Prevalence and predictors of cannabis use among men receiving androgen-deprivation therapy for advanced prostate cancer
Introduction: Prostate cancer patients receiving androgen-deprivation therapy (ADT) often experience a combination of disease symptoms and treatment side effects. The therapeutic use of cannabis to alleviate these side effects has not been studied, despite increasing patient interest. With the increasing availability of cannabis, it is important for clinicians to understand the prevalence, predictors, and perceived benefits of cannabis use among patients with prostate cancer.
Methods: A total of 222 men undergoing ADT were assessed in this two-part study. In part one, the cannabis-use questionnaire was administered to 56 men, probing demographics, usage habits, perspectives, and degrees of symptom relief related to cannabis use. In part two, 191 cryopreserved urine samples were retrieved and analyzed for the presence of tetrahydrocannabidiol (THC) metabolite 11-nor-Δ9-THC-COOH. The respondents were then stratified into two groups, users vs. non-users, and statistical analyses were conducted.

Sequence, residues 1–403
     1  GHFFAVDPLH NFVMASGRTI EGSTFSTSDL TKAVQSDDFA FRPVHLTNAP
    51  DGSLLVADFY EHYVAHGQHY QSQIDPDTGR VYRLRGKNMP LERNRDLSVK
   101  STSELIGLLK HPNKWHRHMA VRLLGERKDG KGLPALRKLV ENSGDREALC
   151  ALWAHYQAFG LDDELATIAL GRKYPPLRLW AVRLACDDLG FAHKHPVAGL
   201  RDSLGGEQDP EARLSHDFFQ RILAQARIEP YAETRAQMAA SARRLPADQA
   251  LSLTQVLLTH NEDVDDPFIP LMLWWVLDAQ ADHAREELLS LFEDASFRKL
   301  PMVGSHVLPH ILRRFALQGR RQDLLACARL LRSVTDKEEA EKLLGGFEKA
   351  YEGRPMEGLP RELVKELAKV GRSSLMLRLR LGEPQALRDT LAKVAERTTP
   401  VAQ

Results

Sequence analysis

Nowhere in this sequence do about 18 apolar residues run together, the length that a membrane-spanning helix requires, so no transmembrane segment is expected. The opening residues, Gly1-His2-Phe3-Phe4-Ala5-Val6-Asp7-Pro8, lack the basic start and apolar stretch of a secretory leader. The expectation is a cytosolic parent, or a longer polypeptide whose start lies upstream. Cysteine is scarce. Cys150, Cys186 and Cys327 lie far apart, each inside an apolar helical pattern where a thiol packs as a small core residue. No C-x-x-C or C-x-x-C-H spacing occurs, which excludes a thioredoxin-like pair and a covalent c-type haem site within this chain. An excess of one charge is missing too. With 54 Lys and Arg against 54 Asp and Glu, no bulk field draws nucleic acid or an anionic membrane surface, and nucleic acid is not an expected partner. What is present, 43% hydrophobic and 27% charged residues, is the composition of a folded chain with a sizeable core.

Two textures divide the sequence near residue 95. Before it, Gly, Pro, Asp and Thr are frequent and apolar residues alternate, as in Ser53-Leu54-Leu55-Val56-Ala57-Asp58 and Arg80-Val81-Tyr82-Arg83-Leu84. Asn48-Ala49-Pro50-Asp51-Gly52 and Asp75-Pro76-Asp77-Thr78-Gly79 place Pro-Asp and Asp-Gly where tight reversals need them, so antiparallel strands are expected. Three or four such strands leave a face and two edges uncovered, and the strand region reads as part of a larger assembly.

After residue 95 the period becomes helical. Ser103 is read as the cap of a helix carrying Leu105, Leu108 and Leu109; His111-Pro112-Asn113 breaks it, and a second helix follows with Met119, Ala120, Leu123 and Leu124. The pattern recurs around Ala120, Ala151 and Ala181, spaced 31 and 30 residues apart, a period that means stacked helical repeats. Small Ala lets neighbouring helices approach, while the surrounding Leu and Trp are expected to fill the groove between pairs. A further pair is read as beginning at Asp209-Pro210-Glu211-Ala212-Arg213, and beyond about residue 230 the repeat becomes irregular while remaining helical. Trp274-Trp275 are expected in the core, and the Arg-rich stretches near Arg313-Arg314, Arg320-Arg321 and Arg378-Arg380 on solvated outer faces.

Results: Questionnaire data revealed that 23.2% of surveyed men had recently used cannabis. In contrast, 5.8% of men had detectable levels of THC metabolite in their urine. Combined questionnaire and urine data revealed that cannabis users were significantly younger (p=0.003) and had lower testosterone levels (p=0.003) than non-users. The majority of men experiencing common ADT side effects reported some degree of relief following cannabis use.
Conclusions: Cannabis use among men with advanced prostate cancer receiving ADT is more prevalent than in the general population and the majority of other oncological cohorts. Lower testosterone levels and reported therapeutic benefit among cannabis users warrants confirmation in appropriate clinical trials.
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